Knowledgeable Bankruptcy Attorneys
If you’re considering bankruptcy, you’re probablly feeling a great deal of stress and uncertainty.
The bills have piled up, payments are past due, and the daily phone calls from creditors have become overwhelming. For many, the experience of facing bankruptcy is unlike anything they have encountered before.
Many consumers spend countless hours researching bankruptcy online. However, nothing can replace the sound legal advice given by a qualified attorney. Here at Howes & Howes we want you to know that as a consumer, you do have rights. Bankruptcy laws were established to give you options. Our attorneys understand bankruptcy law and will guide you through the process.
Protect Yourself Now
If you are considering bankruptcy, it is important to seek legal advice sooner rather than later. When you contact an attorney at Howes & Howes, we will invite you to our office for a free consultation. We will ask you questions about your specific situation and explain the options that are available to you. We will answer any questions that you might have, and work with you to develop a strategy.
Filing for bankruptcy is a process. It takes time and requires you to gather documents and information. We are here to help you advance through this process quickly. Because we have helped so many people find freedom from their mounting debt, we know how to smoothly navigate the bankruptcy process.
You can trust our attorneys and their years of experience to see you through this difficult time. Our goal is to help you realize a better financial future – one where the bills get paid, the phone stops ringing, and you feel in control of your finances.
Call 219-326-7070 or Complete the Form on This Page to Request Your Free Consultation Today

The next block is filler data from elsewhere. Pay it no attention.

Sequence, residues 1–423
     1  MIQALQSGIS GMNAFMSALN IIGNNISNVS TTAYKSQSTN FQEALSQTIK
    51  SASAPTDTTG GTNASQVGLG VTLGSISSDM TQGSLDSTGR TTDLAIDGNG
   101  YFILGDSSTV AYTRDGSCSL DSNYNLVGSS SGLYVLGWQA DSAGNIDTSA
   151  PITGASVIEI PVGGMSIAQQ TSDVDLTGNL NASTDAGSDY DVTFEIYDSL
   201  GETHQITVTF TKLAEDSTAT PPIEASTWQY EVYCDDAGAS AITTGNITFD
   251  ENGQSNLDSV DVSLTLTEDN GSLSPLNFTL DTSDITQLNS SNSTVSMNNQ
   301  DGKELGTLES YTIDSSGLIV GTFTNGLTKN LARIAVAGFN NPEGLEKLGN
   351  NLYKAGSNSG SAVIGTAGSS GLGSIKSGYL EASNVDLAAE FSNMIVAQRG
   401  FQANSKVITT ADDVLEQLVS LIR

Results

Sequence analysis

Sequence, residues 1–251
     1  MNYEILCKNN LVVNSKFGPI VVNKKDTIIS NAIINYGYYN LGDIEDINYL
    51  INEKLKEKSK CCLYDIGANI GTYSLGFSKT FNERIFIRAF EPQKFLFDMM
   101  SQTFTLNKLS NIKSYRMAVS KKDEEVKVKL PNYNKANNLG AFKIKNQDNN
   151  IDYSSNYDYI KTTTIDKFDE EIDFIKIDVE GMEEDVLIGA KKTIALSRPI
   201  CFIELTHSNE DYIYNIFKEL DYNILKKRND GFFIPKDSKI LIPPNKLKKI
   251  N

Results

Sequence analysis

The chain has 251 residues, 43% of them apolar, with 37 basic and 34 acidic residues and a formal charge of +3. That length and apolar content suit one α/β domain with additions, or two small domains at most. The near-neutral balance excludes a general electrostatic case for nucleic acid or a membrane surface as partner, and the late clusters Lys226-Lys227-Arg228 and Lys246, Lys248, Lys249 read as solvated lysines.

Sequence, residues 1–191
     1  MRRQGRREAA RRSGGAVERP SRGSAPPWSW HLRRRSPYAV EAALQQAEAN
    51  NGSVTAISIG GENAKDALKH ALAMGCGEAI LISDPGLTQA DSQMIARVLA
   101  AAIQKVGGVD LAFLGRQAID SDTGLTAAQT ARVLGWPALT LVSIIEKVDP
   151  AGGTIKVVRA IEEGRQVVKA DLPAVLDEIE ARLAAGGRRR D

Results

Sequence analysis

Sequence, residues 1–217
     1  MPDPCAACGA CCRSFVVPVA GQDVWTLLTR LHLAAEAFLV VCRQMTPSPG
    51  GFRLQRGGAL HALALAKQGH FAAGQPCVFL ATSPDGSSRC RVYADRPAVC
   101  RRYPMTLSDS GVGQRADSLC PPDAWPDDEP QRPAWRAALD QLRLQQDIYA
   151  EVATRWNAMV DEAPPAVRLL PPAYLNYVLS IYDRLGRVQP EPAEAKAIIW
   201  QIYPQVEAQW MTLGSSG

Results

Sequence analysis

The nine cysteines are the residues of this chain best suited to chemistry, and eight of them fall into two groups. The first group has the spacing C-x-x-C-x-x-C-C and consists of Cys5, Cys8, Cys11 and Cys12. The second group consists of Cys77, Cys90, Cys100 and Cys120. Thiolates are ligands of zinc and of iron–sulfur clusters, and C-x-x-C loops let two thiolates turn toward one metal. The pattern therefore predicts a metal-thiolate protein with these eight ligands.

Important Details to Note:
Federal statutes, such as the Fair Credit Protections Act, establish the legal field of play in which creditors can attempt to collect consumer debt. Where they may contact a debtor, how they may contact a debtor and when they may contact a debtor are provided for in this federal statute. If you are represented by an attorney, creditors are not allowed to contact you personally under the Fair Debt Collections Act.
A creditor is entitled to certain remedies in an effort to obtain a debt in which they are entitled. However, if you are a creditor, you must follow certain legal procedures to recover any funds owed at the lowest cost to you. If not done precisely, you may find that you are unable to recover the money you are rightly due. Further, specific acts could lead to an award of punitive damages against you should you fail to comply with state and federal requirements prescribed by law as a means of collecting a debt.
- A debtor must be notified that they are being sued in court and they have 20 days (23 days by mail) to respond or contest in writing.
- Failure to respond to the debt quite often results in a money judgement awarded default to the creditor.
- A bank account cannot be frozen or a garnishment cannot be obtained until a money judgment has been awarded by the court.
- If your account contains funds such as Social Security Benefits, these funds are exempt and cannot be frozen, garnished or otherwise reached by the creditor unless that creditor is the government or you happen to owe back child support.
- A Creditor must file a summons to a proceeding referred to as Proceedings Supplemental.
- The creditor will often attempt to determine whether or not the debtor possesses any assets that can be garnished, frozen or any property worth placing a lien upon.
- The creditor may send a list of questions called “interrogatories” to your employer, which will make certain inquiries regarding your earned wage as well as other aspects of your employment.